And as for the trolls - There are ten steps that Forbes Magazine recommends for how to deal with the "haters":
- establish a policy
- ignore them
- make light of the situation
- unmask them
- don’t provide a platform
- use moderators
- create a unified community
- fight back with facts
- correct mistakes.
(5) I highly recommend you check out these articles so that you can prepare yourself.
As a veterinary student or professional, I recommend checking in with your workplace and management team to see what their policies are regarding internet related concerns. If your concern is very serious, you can also consider reaching out your liability insurance company and lawyer.
The reality is- the internet affects nearly every industry. It can benefit industries, our practices and ourselves but only if we learn how to handle the unsavory internet characters that likely affect most if not all industries.
As much as I would want to tell you to not read the comments (and focus on learning more about the spider bots instead because they’re way cooler), I think it is important to read the comments, be prepared and most importantly, know how to react appropriately and professionally.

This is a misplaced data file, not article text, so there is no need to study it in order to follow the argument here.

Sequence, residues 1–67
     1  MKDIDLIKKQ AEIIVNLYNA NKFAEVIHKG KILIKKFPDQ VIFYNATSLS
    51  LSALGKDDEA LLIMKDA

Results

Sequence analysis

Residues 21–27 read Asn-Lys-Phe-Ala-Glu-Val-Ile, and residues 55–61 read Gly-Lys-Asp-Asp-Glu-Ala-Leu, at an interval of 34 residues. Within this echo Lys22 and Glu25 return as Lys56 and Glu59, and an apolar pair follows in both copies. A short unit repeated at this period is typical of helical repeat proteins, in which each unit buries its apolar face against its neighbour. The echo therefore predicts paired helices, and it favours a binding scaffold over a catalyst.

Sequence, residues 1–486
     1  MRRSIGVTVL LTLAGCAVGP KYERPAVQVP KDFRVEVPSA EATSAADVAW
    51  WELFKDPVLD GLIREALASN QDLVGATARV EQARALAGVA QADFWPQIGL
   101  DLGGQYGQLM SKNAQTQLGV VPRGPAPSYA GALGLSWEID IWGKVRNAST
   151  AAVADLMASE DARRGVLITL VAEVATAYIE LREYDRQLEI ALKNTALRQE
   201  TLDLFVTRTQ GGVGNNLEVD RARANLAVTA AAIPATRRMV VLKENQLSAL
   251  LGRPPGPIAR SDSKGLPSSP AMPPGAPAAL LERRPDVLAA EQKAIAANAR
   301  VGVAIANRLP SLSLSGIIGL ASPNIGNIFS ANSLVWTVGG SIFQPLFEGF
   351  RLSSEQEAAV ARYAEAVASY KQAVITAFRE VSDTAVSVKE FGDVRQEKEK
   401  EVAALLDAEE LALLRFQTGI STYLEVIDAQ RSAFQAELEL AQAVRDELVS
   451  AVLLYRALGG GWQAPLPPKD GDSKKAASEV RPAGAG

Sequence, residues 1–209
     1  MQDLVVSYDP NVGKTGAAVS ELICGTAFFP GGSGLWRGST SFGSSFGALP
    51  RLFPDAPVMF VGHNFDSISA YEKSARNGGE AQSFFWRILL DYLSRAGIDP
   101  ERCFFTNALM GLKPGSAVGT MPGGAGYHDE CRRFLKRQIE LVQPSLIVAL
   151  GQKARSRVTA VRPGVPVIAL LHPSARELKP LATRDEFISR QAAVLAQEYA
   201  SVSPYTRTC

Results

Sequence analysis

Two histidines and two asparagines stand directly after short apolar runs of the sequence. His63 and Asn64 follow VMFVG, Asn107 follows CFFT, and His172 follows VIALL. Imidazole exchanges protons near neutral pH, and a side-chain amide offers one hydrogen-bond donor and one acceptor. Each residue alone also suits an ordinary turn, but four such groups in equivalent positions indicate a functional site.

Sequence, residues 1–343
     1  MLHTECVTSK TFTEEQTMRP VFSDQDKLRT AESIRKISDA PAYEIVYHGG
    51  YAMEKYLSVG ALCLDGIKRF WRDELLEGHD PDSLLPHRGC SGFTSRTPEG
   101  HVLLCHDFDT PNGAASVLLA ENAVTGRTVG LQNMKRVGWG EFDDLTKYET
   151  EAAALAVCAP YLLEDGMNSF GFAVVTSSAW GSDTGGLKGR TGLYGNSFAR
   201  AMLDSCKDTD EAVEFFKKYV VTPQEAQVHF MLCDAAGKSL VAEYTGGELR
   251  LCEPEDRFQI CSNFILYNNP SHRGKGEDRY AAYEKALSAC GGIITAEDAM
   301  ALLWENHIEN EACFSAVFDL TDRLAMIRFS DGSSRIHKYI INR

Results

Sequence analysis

- 1)AVMA launches cyberbullying resource for veterinarians. Accessed from http://veterinarynews.dvm360.com/avma-launches-cyberbullying-resource-veterinarians
- 2) Haray, Charlie. 5 Ways to cope with online haters. Entrepreneur magazine. Accessed from https://www.entrepreneur.com/article/272138
- 3) Pantic, Igor. Online Social Networking and Mental Health. Journal of Cyberpsychology, Behavior and Social networking. Accessed from https://www.ncbi.nlm.nih.gov/pmc/articles/PMC4183915/.
- 4) Philips, Whitney. This Is Why We Can’t Have Nice Things: Mapping the Relationship between Online Trolling and Mainstream Culture.
- 5) Rampton, John. How To deal With Trolls. Forbes Magazine. Accessed from https://www.forbes.com/sites/johnrampton/2015/04/09/10-tips-to-dealing-with-trolls/#47d372c154f4
- 6) Reagle Jr Michael. Reading the Comments: Likers, Haters and Manipulators at the Bottom of the Web.
- 7) Scislowicz, Oriana. How to handle cyberbullies and other veterinary clinic tyrants. DVM360 Magazine. Accessed from http://veterinaryteam.dvm360.com/how-handle-cyberbullies-and-other-veterinary-client-tyrants?pageID=3